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Micro computed tomography imaging of a silicone coated thin-film polymeric electrode array in the
feline cochlea
Bhatti P. , Tridandapani S. , Van Beek-King J. , McKinnon B. , Blake D.
Georgia Institute of Technology, School of Electrical and Computer Engineering, Atlanta, United States, 2Emory University School of
Medicine, Department of Rehabilitative Medicine, Atlanta, United States, 3Emory University School of Medicine, Department of Radiology and
Imaging Scien, Atlanta, United States, 4Georgia Regents University, Department of Otolaryngology-Head & Neck Surgery, Augusta, United
States, 5University of Tennessee Health Sciences Center, Department of Otolaryngology-Head and Neck Surgery, Memphis, United States,
The Shea Ear Clinic, Memphis, United States, 7Georgia Regents University, Center for Synapses and Cognitive Neuroscience, Augusta,
United States
Intro: Although cochlear implants have been remarkably effective in providing functional hearing to nearly
200,000 individuals worldwide, there remains significant variation in speech perception, difficulty in
understanding tonal languages, understanding speech in noisy environments, and appreciating music. Solutions
to overcoming these challenges include improving the spectral and temporal resolution of stimulation, more
effectively engaging the cochlea's surviving neural population, and reducing surgical trauma introduced during
array insertion. One promising alternative is a polymeric thin-film intracochlear electrode array. Such
microfabricated arrays demonstrate high mechanical flexibility, the ability to place electrode sites with sub-micro
resolution, as well as in high-density configurations. However, one limitation these arrays face is reliable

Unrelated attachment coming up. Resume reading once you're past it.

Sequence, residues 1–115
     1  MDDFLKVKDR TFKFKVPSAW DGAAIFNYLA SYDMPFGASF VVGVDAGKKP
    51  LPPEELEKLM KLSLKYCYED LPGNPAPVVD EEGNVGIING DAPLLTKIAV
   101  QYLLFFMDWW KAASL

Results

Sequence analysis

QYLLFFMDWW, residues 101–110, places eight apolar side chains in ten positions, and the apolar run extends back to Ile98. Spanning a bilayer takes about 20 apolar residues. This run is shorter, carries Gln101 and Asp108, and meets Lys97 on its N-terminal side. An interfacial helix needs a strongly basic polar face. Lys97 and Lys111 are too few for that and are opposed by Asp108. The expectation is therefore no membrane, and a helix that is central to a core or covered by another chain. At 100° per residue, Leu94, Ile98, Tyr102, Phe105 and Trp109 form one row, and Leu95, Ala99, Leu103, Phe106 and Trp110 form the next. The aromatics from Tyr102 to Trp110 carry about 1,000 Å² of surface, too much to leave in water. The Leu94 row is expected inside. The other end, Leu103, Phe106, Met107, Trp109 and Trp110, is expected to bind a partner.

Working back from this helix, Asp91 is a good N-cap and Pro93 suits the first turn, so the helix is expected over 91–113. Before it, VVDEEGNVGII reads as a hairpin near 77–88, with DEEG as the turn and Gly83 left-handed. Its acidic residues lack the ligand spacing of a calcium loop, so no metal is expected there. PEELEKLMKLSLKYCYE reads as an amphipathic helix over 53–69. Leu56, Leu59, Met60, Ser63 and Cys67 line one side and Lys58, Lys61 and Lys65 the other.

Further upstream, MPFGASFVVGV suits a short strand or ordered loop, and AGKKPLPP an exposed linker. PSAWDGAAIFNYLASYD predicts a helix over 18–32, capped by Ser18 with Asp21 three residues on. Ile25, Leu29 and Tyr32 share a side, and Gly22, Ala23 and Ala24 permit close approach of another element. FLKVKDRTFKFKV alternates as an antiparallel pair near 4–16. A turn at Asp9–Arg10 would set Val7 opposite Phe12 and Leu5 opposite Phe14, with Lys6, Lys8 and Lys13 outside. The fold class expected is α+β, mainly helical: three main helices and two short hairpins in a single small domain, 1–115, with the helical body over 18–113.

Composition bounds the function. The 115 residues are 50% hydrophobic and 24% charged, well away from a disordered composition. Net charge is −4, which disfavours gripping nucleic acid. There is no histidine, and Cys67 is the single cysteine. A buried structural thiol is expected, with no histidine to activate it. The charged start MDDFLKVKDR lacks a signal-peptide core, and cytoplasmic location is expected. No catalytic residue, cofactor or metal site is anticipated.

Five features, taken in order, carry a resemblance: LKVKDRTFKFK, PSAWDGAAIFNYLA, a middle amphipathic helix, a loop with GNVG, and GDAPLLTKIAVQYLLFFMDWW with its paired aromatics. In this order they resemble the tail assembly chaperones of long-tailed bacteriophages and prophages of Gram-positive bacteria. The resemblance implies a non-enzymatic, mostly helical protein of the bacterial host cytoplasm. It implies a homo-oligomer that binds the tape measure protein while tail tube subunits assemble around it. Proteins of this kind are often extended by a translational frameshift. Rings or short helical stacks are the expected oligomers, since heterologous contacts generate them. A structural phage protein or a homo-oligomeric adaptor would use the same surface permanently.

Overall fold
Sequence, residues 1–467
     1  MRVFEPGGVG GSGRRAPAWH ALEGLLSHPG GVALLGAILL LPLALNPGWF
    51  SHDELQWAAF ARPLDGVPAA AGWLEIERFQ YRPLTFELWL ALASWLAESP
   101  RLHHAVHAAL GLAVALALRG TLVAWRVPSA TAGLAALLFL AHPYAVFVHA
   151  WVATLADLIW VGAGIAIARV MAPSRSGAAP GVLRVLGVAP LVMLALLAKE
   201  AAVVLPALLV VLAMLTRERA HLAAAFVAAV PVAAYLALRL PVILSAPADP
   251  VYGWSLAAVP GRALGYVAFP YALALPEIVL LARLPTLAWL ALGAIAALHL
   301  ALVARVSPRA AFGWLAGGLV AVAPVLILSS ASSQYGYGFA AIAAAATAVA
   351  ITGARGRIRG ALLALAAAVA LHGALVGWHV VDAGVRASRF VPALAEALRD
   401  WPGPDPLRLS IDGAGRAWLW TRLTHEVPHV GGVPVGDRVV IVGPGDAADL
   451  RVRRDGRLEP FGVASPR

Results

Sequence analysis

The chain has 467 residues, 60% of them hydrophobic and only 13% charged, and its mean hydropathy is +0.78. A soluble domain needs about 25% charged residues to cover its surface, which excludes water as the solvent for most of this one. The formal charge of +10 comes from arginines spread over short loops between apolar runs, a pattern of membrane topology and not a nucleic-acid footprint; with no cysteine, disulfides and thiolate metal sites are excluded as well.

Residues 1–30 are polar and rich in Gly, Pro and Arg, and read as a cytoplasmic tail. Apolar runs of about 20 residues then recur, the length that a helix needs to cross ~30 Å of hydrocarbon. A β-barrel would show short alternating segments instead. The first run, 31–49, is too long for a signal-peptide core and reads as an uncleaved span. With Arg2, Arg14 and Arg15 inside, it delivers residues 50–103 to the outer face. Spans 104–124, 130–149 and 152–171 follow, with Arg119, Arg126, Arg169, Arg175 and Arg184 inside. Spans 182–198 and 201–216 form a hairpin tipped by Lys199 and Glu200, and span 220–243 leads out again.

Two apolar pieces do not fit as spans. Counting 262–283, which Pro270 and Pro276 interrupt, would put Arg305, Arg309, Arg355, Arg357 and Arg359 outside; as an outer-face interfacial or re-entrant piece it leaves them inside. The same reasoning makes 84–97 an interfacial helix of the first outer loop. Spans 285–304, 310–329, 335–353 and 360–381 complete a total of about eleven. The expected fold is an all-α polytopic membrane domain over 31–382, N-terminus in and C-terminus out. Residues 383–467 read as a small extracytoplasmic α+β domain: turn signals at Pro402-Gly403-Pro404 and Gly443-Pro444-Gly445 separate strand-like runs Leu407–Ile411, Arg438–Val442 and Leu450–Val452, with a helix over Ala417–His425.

insertion into the cochlea given their thin nature and fragility.
Methods: We report a simple method for tailoring the robustness of a thin-film polymer electrode array for
electrical stimulation. Using a pneumatically driven dispensing system, an average 232 ± 64 µm (mean ± SD)
thickness layer of silicone adhesive coating was applied to stiffen the underside of polyimide multisite arrays.
Additional silicone was applied to the tip to protect neural tissue during insertion, and applied along the array to
improve surgical handling. Each array supported 20 platinum sites (180 µm-dia., 250 µm-pitch), spanning nearly
28 mm length and 400 µm width.
Results and discussion: Sized for a shallow insertion into the scala tympani via a round window approach, an
average intracochlear stimulating current threshold of 170 ± 93 µA to evoked an auditory brainstem response in
7 acutely deafened cats were measured. To visualize placement of such arrays, and validate the adhesion of the
silicone to the array, micro computed tomography (micro-CT) imaging with 50 µm resolution was performed on
the resected temporal bones of 2 cats euthanized after array insertion. Distances ranging from 100-565 µm from
the cochlea's central modiolus were measured for one subject. Two coated arrays were imaged independently
ex-vivo to measure silicone coating thickness. Top-side coating thickness measured at 1-1.5 mm intervals
averaged 357 ± 81 µm. Bottom-side coating, under the sites, measured at 500 µm intervals averaged 232 ± 64
µm. Integrity of the arrays was also corroborated with post-stimulation impedances within acceptable range. In
another subject exhibiting facial nerve activation, micro-CT confirmed appropriate intracochlear placement of the
Conclusion: The micro-CT studies served as an integral tool to validate our thin-film devices enhanced with a
silicone coating. Further studies will include a histological analysis of neural tissue as impacted by surgical
insertion of such arrays.
Learning outcome: Micro-CT imaging of polymeric thin-film arrays can provide the necessary resolution for
assessing array placement.